Oropouche East MP Dr Roodal Moonilal, in his motion of censure on Friday against House Speaker Bridgid Annisette-George, claimed she breached the Integrity in Public Life Act (IPLA) and called on her to apologise to the House.
“Today I tell the Speaker, having told us for five years to take a walk, the Speaker should take a walk. Take a walk on this matter alone.”
The motion was in relation to his attempt on April 27 to move a definite matter of urgent public importance on the sale of fuel to someone in Aruba which, allegedly, was rerouted to Venezuela in contravention of US sanctions.
On that day the Speaker ruled that the matter did not qualify under the standing order, but Moonilal in his motion said she failed to declare a possible conflict of interest – her husband Newman George is chairman of Paria – the company which sold the fuel.
On May 8, the Speaker under “announcements” rebuked and condemned Moonilal for reporting elsewhere on the matter. Moonilal, on April 28, wrote to US Ambassador to TT Joseph Mondello complaining about not being able to raise the issue in the Parliament. His motion on Friday said the Speaker committed a breach of the established rules of conduct and conventions of the House, brought the high and noble office into disrepute, and the House should censure her for her failure to act properly and impartially in the exercise of her office.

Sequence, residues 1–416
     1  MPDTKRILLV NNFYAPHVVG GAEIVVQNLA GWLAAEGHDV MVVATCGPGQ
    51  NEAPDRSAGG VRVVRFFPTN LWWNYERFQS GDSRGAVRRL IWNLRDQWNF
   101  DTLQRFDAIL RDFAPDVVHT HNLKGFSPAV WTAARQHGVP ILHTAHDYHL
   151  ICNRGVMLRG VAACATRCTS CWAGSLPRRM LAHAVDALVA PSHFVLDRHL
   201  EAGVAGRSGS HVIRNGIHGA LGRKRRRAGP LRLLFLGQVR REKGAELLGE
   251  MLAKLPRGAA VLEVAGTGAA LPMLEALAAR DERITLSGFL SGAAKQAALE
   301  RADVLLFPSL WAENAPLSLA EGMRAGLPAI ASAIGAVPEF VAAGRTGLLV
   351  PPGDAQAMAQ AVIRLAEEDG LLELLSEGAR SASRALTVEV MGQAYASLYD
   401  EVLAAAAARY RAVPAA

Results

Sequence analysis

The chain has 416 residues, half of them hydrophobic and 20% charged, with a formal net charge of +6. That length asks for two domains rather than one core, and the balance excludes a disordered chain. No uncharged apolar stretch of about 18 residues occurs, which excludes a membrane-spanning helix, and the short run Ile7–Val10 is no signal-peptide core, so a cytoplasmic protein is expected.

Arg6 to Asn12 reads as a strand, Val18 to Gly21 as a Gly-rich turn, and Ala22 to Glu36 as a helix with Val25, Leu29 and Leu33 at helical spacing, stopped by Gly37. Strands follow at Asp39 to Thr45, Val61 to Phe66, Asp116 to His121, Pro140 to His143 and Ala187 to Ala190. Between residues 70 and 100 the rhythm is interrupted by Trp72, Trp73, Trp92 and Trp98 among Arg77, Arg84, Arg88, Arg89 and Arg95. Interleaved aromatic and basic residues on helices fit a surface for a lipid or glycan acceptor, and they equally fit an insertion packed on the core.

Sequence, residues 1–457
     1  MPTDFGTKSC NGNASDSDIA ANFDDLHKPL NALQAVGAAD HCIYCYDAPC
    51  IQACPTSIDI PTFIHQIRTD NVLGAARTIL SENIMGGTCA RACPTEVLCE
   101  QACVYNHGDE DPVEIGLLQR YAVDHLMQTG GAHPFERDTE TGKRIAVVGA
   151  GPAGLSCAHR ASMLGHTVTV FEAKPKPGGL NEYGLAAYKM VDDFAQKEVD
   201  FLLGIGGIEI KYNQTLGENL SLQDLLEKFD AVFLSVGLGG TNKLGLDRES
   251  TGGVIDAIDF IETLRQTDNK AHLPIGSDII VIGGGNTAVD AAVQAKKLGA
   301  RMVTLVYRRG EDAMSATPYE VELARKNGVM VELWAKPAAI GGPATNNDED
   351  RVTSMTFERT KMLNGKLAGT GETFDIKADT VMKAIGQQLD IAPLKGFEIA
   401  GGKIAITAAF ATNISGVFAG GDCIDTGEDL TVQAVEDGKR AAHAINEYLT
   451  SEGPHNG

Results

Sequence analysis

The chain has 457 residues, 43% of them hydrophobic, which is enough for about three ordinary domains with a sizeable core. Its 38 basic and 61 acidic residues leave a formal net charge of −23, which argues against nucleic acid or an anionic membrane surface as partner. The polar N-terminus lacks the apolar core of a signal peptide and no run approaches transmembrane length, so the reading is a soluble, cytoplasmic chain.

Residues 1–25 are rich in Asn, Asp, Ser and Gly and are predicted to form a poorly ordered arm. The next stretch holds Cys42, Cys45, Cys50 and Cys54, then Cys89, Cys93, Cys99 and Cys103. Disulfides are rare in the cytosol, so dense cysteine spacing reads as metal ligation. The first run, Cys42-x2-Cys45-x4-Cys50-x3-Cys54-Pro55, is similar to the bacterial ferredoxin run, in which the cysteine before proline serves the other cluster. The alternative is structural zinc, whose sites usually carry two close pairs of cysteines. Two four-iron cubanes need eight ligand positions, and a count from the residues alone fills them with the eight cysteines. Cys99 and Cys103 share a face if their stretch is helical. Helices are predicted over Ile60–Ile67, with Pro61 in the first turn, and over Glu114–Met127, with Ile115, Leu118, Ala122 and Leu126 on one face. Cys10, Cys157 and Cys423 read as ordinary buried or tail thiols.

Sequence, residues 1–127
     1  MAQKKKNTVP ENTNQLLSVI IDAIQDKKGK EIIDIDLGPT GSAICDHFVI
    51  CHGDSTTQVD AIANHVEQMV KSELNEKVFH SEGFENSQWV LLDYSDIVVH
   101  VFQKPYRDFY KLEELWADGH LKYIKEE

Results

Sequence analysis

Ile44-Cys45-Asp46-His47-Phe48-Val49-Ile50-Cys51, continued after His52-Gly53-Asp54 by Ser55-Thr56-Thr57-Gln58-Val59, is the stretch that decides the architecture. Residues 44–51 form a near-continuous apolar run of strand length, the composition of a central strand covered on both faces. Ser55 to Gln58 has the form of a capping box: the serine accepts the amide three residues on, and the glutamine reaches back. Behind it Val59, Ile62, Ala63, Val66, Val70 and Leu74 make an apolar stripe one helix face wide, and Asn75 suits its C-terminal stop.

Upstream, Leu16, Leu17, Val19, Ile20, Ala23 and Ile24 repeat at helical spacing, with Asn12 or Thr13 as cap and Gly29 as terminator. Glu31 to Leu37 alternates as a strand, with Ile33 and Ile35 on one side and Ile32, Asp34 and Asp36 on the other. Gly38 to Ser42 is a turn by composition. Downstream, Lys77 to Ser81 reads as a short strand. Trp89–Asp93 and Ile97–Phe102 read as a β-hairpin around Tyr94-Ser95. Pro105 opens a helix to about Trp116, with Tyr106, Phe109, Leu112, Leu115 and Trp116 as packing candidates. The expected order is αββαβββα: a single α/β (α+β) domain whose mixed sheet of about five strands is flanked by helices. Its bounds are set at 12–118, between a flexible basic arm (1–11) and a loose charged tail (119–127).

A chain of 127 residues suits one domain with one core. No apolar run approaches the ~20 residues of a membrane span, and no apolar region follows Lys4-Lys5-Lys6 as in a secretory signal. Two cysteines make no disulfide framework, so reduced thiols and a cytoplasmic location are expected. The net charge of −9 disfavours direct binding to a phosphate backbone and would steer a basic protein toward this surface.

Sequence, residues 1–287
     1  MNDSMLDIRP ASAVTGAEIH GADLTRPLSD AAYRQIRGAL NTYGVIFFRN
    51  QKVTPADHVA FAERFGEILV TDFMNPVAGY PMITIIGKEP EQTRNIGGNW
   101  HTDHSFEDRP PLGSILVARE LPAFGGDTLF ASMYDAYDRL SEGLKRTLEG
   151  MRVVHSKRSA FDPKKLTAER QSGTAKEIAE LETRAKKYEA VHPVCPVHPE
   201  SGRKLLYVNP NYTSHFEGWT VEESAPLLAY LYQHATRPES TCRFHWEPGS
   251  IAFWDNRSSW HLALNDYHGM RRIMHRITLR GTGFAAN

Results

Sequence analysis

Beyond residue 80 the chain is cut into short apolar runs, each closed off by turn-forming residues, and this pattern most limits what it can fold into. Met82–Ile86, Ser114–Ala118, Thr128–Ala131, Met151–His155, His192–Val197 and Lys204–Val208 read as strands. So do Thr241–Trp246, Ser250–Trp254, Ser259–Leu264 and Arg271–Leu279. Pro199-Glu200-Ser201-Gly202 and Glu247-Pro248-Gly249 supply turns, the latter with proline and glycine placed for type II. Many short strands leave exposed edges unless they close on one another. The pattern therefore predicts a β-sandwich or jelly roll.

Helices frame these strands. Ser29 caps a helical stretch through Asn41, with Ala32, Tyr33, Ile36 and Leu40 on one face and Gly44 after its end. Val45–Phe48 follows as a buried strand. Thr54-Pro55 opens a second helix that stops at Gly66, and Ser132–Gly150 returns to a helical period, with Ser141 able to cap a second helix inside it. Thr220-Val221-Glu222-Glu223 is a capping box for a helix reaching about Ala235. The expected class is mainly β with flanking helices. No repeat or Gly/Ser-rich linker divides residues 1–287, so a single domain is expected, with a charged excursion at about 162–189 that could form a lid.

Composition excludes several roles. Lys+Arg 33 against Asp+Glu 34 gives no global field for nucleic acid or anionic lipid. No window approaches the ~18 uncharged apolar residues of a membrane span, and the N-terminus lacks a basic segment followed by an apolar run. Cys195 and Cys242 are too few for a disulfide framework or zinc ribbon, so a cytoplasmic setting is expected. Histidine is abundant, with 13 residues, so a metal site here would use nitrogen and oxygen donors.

He said she is guided by the IPLA but she did not follow Section 24:1 (a) which states those under the act must conduct themselves in a fair and impartial manner.
“I submit to you that the Speaker did not conduct herself in a fair and impartial manner.”
He said the role of the speaker is to defend the rights of members and a speaker must be impartial. He said the issue of the alleged fuel sale was a “raging scandal” at the time and continued to be an issue.
“Paria is involved in something suspicious, dark and clandestine.”
He stressed, however, that the issue was not whether the matter should have been accepted or not, but the Speaker not recusing herself to avoid a perceived conflict of interest.
He said on the next two occasions she also failed to recuse herself.
On his letter to Mondello, Moonilal said any member can write to anyone under the constitutional right of freedom of expression.
He said if the Speaker or the Government felt aggrieved they could have moved a motion of privilege against him but, under the “guise” of an announcement, rebuked and condemned him in an uncivil, raw and obscene manner.
“She was complainant, judge, jury and executioner.”
Moonilal claimed this was the first time this was done in the history of TT and was “unparalleled” in the Caribbean. He also said the decision by a politician to write to anyone is a political decision and the Speaker should not get involved in politicking.
In the vote on the motion, all 17 government members present voted against and all 14 opposition members voted for. The motion was not carried.